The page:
Ballad of a thin man

Omar Jamal of of the Somali Justice Advocacy Center played a walk-on role when prosecutors indicted Somali pirate Abdiwali Abdiqadir Muse in New York. He made contact with family members of the pirates during the hostage standoff and spoke up on their behalf.

Jamal announced that Muse’s family members “don’t have any money. The father has some camels and cows and goats outside the city. … The father goes outside with the livestock and comes home at night. Father said they don’t have any money, they are broke.” Jamal sought to to get a lawyer for Muse and to ascertain whether he had medical or mental problems.

Jamal had a sympathetic assessment of Muse’s plight: “What we have is a confused teenager, overnight thrown into the highest level of the criminal justice system in the United States out of a country where there’s no law at all.”

Jamal works out of our own backyard in St. Paul, but one has to go to the Financial Times to find a report on his latest exploits. The Financial Times reports that Jamal worked for months as the middleman in another Somali pirate drama. At the behest of the owner of a ship seized and held by Somali pirates for 10 months, Jamal somehow negotiated its release.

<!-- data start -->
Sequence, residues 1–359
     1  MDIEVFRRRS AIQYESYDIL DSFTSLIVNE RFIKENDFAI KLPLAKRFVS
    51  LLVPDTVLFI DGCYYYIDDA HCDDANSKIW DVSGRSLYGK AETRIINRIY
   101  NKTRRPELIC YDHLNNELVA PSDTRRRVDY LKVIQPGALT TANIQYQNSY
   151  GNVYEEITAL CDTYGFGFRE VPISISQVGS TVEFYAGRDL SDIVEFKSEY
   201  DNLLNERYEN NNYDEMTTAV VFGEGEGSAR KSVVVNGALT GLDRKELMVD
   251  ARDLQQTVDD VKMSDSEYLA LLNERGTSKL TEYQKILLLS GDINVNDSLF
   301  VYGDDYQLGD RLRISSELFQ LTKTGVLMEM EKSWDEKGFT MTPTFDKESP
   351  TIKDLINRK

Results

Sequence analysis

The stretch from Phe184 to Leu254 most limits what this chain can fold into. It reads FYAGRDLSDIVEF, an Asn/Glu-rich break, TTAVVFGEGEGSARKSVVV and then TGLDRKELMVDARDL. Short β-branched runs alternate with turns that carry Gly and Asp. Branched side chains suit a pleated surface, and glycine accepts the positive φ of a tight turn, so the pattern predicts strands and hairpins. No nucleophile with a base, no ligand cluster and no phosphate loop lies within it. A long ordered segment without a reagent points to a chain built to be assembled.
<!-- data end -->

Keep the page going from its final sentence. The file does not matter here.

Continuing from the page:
The FT describes the result as “a striking cut-price deal to free a largely forgotten group of men whose abandonment contrasted with the diplomatic pressure, military intervention and millions of dollars in ransoms and negotiating fees expended to liberate other kidnapped ships.”

Something is happening here but you don’t know what it is, do you, Mr. Jones?

Via Tom Steward.


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